A weekend in Jerez de la Frontera: Exploring the Spanish town famous for horses, sherry and Moorish architecture
While the town of Jerez de la Frontera siestas, a photographer discovers its rich history, wine, and equestrian culture.
Words & photos: Sheryl Burson
A bout of heat-induced delirium has hit Spain. The temperature is above 40 degrees Celsius, and only “poco loco” folk are out in the afternoon sun. From the
window of the train from Seville to Jerez, olive trees dance in the shimmering heat. A solitary farmer driving his tractor through the arid fields leaves a trail of golden dust.
In Jerez de la Frontera, more commonly known by its abbreviation Jerez (pronounced Hereth), cobbled streets, normally clattering with horse-drawn carriages, are quiet. The dozens of equine statues around this horse-loving city are covered in yellow powder as though they have just ridden in off the plains. The town siestas behind dust-covered shutters.
But my busy itinerary allows no time to sleep, so I set out in the sauna-like heat to explore the Alcázar Jerez de la Frontera. The Almohad rulers of southern Spain built the grand Moorish palace and fortress in the town’s centre in the 11th century. The original octagonal tower, mosque, gateways, the Pavilion of the Dona Blanca and bathhouses still survive. The thick stone walls offer not only a respite from the heat but also a chance to see the details of the domed mezquita (mosque) and ornate mihrab (alcove) up close.
Off the mezquita, dark, windowless rooms that lead to Arabic baths are illuminated by star-shaped holes in the ceiling. It’s beautiful and peaceful. The gardens within the alcázar are centuries old, but the system of rills that hydrate the pomegranate, fig and olive trees are a smart way to manage water in the hot climate.
Moorish gardens are designed to provide shade, calm, beauty, pleasure and perfume. This particular garden smells of roses.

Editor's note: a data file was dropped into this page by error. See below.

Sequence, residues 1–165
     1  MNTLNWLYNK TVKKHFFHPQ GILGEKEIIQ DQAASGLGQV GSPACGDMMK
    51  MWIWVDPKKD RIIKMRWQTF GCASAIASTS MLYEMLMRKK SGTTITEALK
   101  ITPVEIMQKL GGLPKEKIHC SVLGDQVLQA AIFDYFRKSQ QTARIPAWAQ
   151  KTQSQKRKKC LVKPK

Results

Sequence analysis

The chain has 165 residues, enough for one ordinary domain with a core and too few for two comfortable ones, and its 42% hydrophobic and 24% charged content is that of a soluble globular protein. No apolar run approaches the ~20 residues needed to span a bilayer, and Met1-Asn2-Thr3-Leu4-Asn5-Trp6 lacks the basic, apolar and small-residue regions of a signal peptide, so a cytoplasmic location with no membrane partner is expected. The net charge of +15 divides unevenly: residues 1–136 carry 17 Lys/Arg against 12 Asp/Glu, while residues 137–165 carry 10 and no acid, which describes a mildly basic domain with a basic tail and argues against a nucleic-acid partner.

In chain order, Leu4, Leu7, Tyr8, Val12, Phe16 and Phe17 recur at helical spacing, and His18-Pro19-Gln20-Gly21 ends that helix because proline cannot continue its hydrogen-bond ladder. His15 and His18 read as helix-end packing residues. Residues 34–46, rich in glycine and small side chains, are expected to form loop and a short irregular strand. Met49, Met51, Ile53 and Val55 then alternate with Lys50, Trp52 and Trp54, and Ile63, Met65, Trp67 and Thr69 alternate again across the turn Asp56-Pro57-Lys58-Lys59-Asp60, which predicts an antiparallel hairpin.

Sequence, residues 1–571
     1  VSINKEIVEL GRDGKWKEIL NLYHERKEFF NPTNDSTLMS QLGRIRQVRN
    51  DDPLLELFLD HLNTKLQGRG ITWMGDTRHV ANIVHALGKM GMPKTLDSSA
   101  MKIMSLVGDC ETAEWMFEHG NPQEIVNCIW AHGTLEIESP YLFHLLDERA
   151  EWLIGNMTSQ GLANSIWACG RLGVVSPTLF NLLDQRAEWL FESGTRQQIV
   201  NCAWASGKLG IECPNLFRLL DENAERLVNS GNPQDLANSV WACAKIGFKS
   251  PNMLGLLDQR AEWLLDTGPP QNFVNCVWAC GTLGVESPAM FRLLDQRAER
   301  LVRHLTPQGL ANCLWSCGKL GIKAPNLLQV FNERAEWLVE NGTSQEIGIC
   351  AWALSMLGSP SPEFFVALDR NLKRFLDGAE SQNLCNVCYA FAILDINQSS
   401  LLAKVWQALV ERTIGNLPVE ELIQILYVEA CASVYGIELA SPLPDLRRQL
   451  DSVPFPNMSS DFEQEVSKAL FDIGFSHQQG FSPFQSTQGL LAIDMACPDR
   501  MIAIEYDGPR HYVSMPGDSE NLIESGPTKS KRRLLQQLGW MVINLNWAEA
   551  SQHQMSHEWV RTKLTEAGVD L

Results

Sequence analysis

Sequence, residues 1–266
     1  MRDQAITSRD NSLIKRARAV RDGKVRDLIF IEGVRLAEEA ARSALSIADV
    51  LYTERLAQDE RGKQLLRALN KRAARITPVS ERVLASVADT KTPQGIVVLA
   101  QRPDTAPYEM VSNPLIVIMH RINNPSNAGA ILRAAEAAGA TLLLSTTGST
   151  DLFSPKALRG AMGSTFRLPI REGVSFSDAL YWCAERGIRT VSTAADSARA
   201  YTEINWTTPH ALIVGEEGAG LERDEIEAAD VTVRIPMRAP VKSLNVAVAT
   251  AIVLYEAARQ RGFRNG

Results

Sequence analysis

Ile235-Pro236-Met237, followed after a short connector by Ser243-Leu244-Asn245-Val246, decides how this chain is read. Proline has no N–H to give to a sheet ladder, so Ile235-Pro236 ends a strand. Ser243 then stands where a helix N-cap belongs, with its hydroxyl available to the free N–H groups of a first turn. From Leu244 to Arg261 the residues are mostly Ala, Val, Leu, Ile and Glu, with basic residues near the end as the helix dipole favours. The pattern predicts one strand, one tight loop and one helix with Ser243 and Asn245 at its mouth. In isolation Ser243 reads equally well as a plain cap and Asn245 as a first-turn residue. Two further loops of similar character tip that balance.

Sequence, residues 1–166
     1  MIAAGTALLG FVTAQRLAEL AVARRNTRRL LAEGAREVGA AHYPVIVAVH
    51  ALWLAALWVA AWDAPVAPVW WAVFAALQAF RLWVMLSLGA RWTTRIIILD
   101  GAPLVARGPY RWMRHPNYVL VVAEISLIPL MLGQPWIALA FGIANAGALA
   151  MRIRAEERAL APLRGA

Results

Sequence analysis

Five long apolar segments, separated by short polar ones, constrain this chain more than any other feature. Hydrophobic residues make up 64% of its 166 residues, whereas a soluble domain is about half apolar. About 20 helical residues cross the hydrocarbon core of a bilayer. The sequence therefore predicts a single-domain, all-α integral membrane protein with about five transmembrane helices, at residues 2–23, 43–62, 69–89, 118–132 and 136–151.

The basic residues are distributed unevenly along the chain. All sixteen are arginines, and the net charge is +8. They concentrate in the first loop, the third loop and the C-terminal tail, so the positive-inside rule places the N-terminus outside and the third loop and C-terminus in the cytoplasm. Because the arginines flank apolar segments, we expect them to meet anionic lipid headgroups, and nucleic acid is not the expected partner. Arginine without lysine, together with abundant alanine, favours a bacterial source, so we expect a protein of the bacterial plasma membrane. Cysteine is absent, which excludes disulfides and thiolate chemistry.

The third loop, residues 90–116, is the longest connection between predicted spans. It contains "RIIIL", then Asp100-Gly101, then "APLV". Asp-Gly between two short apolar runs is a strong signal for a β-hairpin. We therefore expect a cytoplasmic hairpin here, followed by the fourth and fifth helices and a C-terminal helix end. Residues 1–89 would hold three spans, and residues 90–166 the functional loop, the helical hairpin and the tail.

From the tower above the fortress walls, the city’s clash of cultures is ever-present — an Islamic minaret was converted into a bell tower after the town’s Christian conquest in the 13th century. Now the signs of modernity invade the city — wind turbines are visible on the hills in the distance and the famous sombrero-wearing, guitar-slinging mascot of the Bodegas Tio Pepe peeks from the rooftop.
Jerez means “sherry” in Spanish and Bodegas González Byass, commonly referred to as Tio Pepe, is Spain’s most well-known sherry bodega. Tio Pepe was founded in 1835 and consists of five bodegas — the large storage houses where sherry is aged and matured.
The complex is so vast it requires a train shuttle to move around the bodegas (Constancia, Apóstoles, Cuadrada, Concha and Lepanto). The sherry here is nothing like what grandma used to drink; the fortified wines come in many varieties — creamy, sweet and mouth-puckeringly dry.
The glass-roofed La Concha, designed by Gustav Eiffel, was built for a royal visit in 1862. There are more than 100 barrels inside, marked with the flags of all the countries where the sherry is sold.
The Lepanto bodega is famous for its brandy-distilling area, and its blackened walls tell the tale of decades of “angel’s share” evaporation. On average, five per cent of the alcohol evaporates each year from the barrels (and heads upwards to the angels), staining the walls black. Maintaining the barrels — some decades old — is an art form in itself.
Bodega de Los Apóstoles houses “The Christ Barrel”, bigger and more glorious than all the others in the bodega. It’s also home to the 12-apostle barrels, filled with one of the best Jerez wines, Palo Cortado. (There’s no Judas Iscariot barrel as superstitious locals claim one would turn the wine to vinegar.)